African savanna elephant (Loxodonta africana)
Sebas pickled elephant at Africa unspecified location

 ☨ ♂ Sebas pickled elephant  
Sebas pickled elephant displayed as taxidermy specimen.
Sebas pickled elephant as taxidermy specimen.
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Taxidermy locationSwedish Museum of Natural History (NRM), Stockholm, Sweden


Museum accession number NRM 532062


Species:African savanna elephant (Loxodonta africana)
Sex and age:Male ♂ < 1, unknown age
Born:* <1753 wild
Birth place:
Dead: <1753
Death location: Africa unspecified location,
Death reason: Fetal death in utero: removed from dead mothers uterus?
Locations - owners
Present / last location:Africa unspecified location, in Africa unspecified country

Date of arrival

Africa unspecified location
Record history
History of updates2021-07-04: corrected previous museum collections

Latest document update2021-07-04 19:40:04
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Relevant literature

† Sebas pickled elephant is a dead Male ♂ African savanna elephant (Loxodonta africana), , who died at Africa unspecified location, in Africa unspecified country, from Fetal death in utero <1753. Official death reason described as removed from dead mothers uterus?.

The Taxidermy remains of this animal is within the Taxidermy collection at Swedish Museum of Natural History (NRM), in Stockholm, Sweden.

See also a more detailed list with the elephants arrival dates etc.


Sebas pickled elephant was born wild <1753.

Comments / pictures

Carl Linnaeus could hardly contain his excitement over his latest acquisition. “I am pleased that the little elephant has arrived. If he costs a lot, he was worth it. Certainly, he is as rare as a diamond,” the founding father of modern taxonomy wrote in a letter to a friend on 18 May 1753. Linnaeus dubbed the species Elephas maximus, which is now commonly known as the Asian elephant, and listed the elephant’s origin, or locality, as Zeylonae paludosis, or Ceylon, the island now called Sri Lanka. Whether or not Linnaeus knew its origin, his pickled pachyderm was cemented as the archetype for the Asian elephant.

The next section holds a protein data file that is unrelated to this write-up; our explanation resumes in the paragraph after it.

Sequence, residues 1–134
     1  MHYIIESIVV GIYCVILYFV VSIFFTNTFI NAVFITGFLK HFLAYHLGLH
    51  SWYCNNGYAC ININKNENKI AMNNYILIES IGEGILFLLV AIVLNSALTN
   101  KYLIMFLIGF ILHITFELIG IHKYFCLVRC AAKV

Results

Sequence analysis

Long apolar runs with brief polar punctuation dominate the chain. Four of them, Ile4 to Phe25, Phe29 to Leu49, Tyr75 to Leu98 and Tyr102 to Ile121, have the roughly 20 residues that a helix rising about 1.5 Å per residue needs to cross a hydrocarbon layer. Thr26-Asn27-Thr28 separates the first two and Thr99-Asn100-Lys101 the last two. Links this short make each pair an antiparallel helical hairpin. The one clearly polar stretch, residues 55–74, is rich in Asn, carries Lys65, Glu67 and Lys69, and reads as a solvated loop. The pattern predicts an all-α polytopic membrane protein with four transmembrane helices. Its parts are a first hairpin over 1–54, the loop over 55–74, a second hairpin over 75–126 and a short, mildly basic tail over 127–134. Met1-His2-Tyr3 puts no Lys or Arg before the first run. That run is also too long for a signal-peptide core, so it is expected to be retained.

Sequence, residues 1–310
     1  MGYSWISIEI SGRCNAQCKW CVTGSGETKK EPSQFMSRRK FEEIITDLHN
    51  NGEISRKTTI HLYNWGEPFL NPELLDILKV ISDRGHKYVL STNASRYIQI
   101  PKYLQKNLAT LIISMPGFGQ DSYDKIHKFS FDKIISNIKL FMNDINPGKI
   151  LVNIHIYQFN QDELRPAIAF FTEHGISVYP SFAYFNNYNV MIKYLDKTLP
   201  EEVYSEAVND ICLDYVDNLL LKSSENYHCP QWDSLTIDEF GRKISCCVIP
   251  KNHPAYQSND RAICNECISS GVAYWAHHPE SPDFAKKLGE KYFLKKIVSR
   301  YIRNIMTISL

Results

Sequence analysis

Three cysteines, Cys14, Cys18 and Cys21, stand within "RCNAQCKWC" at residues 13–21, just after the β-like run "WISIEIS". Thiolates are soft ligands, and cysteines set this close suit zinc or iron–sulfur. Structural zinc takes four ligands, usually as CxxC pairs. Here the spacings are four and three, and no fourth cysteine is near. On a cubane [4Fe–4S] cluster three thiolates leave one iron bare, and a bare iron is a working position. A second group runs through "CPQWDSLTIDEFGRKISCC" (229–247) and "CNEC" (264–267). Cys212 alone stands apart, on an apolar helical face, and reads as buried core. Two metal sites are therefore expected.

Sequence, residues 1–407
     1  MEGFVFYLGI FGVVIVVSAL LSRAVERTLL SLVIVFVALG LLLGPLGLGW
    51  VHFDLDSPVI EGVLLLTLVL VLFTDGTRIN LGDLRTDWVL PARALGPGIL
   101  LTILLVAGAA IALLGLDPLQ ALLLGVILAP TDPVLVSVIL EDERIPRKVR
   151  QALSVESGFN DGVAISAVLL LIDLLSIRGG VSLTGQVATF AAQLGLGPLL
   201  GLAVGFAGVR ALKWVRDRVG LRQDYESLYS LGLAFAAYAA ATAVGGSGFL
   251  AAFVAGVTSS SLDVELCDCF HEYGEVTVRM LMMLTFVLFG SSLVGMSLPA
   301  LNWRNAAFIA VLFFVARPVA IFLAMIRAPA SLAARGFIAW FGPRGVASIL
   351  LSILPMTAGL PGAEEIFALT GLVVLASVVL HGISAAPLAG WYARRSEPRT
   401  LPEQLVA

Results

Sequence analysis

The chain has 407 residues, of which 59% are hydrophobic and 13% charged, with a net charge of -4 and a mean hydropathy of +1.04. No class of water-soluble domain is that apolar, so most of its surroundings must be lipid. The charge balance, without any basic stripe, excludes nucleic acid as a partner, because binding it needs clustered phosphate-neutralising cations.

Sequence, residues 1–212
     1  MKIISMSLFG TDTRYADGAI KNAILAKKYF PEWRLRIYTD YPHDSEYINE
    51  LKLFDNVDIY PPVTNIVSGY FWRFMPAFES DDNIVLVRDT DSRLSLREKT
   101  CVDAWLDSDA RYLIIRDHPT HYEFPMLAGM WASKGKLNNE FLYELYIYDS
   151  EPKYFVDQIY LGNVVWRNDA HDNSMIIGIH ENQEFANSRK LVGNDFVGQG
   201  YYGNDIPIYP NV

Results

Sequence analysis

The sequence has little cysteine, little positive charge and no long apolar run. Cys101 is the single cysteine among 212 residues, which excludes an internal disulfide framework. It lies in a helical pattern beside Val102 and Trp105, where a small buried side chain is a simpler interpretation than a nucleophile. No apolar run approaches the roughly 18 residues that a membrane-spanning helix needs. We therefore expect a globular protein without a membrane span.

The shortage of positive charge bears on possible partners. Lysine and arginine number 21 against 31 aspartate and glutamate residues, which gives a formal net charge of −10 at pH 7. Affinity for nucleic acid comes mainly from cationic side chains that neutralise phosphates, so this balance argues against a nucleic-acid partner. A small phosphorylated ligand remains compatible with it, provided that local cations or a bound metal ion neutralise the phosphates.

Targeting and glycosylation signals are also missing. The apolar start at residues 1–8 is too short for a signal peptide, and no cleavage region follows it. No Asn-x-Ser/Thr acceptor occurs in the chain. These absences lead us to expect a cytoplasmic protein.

Beginning in the 1800s, after the fetus was moved from the royal palace outside Stockholm to the building that became the Swedish Natural History Museum, curators there began to wonder whether their prized holding was mislabelled.

Later researchers enlisted Tom Gilbert to identify the species, an ancient-DNA expert at the University of Copenhagen, but he failed, even using what was then the world’s most advanced DNA sequencing technology.

Enrico Cappellini, a protein chemist, From a bit of oesophagus, Cappellini and Gilbert detected one protein that differed, by a single amino acid, between the two species. The protein was a portion of the haemoglobin complex that carries oxygen in red blood cells. In Asian elephants, the amino acid is aspartate, whereas in African elephants it is glutamate. Cappellini’s tests confirmed that Linnaeus’s elephant encoded glutamate. Mystery solved: the fetus that Linnaeus had taken as the archetype of the Asian elephant was, in fact, an African elephant.

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2013-11-04Linnaeus's asian elephant was wrong species - Elephant News

Reference listKoehl, Dan, (2021). Sebas pickled elephant, African savanna elephant (Loxodonta africana) located at Africa unspecified location in Africa unspecified country. Elephant Encyclopedia, available online retrieved 16 September 2021 at (archived at the Wayback machine)

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2013-11-04Linnaeus's asian elephant was wrong species - Elephant News

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  • Categories<175 deaths | Swedish Museum of Natural History (NRM) Taxidermy | <175 births | Born in Unknown | Elephants from Africa unspecified location | Africa unspecified country | African savanna elephants

    This document was updated: 2021-07-04 19:40:04

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